Using numerous visual elements found, the team has conceived original devices, such as what is called ‘Image Complex.’ This procedure first cropped up during the investigations on Israel’s ‘Black Friday’ attacks on the Gaza Strip in August 2014. The investigators could not actually go to the site, but analysis of explosion clouds appearing in hundreds of videos and photographs – many of them taken from social networks on Internet – revealed the precise moment and place of the various attacks, establishing a detailed chronology of the bombings.
But pictures are not always available. There are no photographs, for example, of the prison of Saydnaya, Syria. Al that the investigating group could rely on were testimonies of former prisoners, who recounted their experiences of torture and confinement, during which they were forced to remain in silence and darkness. Using architectural models and spatial studies of echoes, Forensic Architecture managed to transform traumatic reminiscences into an architectural model, a reconstruction of the prison.
The sources used can be more immaterial: through radars commonly used to control migration, they were able to demonstrate that nothing was done to help those on a refugee boat that went adrift in an area closely watched by NATO.
Signs of the World
As part of theur work, Forensic Architecture disseminates its experiences through a multitude of videos and images of an informative nature: more than the investigation itself, the production of a narrative that shows its processes is fundamental to the team. Reflecting on the origins of the term, they stress the rhetorical sense of their practice, insisting that we take the forensic as “the art of the forum.” And this forum they refer to would not only be in the courts, but also in the public perception of crimes under investigation.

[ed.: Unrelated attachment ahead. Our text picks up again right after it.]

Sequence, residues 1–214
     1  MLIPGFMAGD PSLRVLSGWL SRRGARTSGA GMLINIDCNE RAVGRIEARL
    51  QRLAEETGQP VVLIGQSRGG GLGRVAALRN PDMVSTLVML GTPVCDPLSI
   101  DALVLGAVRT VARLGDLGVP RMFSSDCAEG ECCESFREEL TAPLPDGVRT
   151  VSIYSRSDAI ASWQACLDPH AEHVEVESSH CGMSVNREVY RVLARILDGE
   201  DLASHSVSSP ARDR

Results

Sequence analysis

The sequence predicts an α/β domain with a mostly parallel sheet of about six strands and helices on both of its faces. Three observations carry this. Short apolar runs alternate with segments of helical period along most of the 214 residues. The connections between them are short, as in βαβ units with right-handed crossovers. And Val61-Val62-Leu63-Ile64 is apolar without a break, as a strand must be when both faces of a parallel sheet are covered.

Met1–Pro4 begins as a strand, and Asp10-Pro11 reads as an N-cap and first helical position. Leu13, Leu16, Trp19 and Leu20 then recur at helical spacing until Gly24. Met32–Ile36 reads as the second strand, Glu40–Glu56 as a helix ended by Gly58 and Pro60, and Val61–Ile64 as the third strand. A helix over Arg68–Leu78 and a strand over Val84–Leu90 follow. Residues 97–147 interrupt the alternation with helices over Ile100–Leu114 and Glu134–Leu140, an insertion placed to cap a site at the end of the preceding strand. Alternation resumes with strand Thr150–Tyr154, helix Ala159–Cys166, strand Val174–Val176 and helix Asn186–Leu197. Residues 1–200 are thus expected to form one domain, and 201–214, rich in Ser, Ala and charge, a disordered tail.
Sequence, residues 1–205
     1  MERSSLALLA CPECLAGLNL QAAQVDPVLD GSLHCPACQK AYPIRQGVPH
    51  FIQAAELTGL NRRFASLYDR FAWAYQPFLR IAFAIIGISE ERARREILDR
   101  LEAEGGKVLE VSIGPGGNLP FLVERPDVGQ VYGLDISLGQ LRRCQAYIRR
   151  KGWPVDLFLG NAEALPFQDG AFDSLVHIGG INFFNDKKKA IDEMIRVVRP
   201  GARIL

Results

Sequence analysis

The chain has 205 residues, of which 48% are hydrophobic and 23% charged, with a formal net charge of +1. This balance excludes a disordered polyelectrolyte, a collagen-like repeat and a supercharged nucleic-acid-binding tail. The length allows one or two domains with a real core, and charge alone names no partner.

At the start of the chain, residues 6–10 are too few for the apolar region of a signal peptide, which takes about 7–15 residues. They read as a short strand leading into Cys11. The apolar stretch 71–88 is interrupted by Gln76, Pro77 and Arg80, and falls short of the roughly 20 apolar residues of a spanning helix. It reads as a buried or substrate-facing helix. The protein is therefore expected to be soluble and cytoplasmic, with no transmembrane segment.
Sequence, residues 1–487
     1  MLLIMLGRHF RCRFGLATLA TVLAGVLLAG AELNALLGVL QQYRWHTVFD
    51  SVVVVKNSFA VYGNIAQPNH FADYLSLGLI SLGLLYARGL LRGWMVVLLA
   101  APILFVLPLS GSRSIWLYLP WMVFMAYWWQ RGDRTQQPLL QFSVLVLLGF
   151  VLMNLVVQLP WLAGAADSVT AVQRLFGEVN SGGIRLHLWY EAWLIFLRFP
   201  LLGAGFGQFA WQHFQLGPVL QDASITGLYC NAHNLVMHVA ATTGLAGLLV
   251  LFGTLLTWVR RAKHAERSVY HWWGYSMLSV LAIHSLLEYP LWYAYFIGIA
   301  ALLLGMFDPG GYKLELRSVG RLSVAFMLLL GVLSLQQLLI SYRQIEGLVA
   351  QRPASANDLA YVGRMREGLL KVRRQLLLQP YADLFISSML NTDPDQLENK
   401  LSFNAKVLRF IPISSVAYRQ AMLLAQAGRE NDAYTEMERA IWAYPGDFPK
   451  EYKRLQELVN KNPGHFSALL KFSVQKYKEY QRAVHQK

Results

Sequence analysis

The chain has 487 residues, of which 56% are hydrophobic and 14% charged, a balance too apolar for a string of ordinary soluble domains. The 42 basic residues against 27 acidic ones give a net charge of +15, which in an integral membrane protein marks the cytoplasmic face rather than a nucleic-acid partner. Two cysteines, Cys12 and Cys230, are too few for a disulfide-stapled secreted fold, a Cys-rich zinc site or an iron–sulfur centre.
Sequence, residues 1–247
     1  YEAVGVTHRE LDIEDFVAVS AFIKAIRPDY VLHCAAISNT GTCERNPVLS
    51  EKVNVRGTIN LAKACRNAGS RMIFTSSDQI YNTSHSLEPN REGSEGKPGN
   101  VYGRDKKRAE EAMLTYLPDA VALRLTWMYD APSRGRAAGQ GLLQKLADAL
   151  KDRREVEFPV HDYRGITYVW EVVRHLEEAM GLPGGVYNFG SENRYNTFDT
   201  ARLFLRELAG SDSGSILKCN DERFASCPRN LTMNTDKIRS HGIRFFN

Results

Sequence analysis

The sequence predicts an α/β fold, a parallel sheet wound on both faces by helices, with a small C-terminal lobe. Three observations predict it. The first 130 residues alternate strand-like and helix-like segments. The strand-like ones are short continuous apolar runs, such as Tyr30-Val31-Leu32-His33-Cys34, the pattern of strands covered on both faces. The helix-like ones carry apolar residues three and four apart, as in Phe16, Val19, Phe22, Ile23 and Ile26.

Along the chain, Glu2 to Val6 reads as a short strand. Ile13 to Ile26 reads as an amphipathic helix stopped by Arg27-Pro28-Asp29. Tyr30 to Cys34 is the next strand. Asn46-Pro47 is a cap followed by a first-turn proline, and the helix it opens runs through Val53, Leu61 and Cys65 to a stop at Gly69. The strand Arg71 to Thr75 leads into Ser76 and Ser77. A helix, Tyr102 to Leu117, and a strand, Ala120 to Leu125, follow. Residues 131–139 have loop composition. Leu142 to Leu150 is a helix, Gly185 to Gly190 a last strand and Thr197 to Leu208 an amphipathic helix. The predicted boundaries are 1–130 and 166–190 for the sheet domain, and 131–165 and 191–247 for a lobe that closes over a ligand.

The team speaks of how truth does not exist on its own, but has to be expressed to become tangible and affect the world. Visualization of investigative practices also takes its spectators to be a people’s jury that has to be convinced through painstaking presentation of the steps of the inquiry. Unfolding its work before the media, academic circles, artistic spaces, and judicial environments, the group moves about in different contexts, each one with its particular potential.
In exhibitions like MACBA’s current one, Forensic Architecture presents its work through videos and installations which adopt the language of contemporary art. This is placed in consonance with the art school at Goldsmiths, and with the disciplinary background of the team members, mostly artists and architects.
Nevertheless, in the group, architectural sensitivity works on a deeper level, linking up with the actual way that space and its interactions are understood. Through interdisciplinary work, artists’ and architects’ tools and particular way of looking at things are placed at the service of a field differing from the usual. Hence, Forensic Architecture has created an entire methodology for reading the world’s visible signs: through close observation, image construction, and a grasp of urban phenomena, it is possible to understand and prosecute destruction and violence. Beyond the desire to build, Forensic Architecture turns its attention to ruins. And in this way, from the rubble, it seeks to contribute to building the transnational culture of human rights more solidly.
Julia Ramírez Blanco teaches art history at the University of Barcelona and is the author of Utopías artísticas de revuelta (Cátedra, 2014).